BEIJING: John Kerry, the US special envoy on climate issues, will visit China from July 16-19, China’s Ministry of Ecology and Environment said on Wednesday, the latest senior US official to travel to Beijing in recent weeks.

Kerry’s trip follows a visit by Secretary of State Antony Blinken last month and will come a week after the departure of Treasury Secretary Janet Yellen.

Given the scale of their economies, cooperation between the US and China is considered vital to international efforts to avert the worst impacts of climate change.

While in Beijing, Yellen stressed that both countries need to work closely together on the issue.

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China and the United States are the world’s two biggest sources of carbon dioxide emissions and their cooperation has been seen as a vital part of global efforts to curb global warming.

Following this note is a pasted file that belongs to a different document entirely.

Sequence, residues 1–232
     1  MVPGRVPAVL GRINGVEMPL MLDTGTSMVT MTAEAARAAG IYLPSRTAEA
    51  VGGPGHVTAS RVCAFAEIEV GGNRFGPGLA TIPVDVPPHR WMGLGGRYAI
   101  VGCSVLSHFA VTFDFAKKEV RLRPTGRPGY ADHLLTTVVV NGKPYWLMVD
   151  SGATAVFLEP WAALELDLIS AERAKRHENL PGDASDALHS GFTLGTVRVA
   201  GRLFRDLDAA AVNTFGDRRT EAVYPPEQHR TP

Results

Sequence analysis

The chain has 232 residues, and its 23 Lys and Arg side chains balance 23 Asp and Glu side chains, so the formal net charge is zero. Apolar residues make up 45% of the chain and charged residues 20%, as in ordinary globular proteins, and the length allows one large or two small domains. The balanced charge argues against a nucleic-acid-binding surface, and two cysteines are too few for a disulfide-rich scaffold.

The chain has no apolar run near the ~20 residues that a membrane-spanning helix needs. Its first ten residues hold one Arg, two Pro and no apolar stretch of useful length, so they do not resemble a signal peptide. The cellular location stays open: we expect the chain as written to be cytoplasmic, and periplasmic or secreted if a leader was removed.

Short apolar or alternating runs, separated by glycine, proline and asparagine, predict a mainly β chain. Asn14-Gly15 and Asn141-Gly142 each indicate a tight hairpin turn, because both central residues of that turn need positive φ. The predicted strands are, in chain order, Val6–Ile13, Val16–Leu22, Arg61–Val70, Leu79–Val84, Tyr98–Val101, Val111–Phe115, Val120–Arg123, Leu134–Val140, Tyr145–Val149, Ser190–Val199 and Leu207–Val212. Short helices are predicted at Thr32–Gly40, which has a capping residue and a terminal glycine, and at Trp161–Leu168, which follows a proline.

But while Kerry has sought to insulate climate from broader diplomatic tensions between the two sides, formal talks were suspended last August following the visit of US House of Representatives Speaker Nancy Pelosi to Taiwan, a self-ruled island that China claims.

Climate experts have said they do not expect Kerry’s trip to add much momentum to climate negotiations, given ongoing political tensions between the two sides, but there are potential areas of cooperation on issues like the abatement of methane, a potent greenhouse gas.

“First and foremost, it’s just very important that it is happening,” said Joanna Lewis, an expert on Chinese climate policies at Georgetown University.

“I think it is important that some sort of positive agenda comes out of this meeting, even if it is simply an agreement to continue to meet,” she said during a webinar on US-China climate cooperation on Tuesday.

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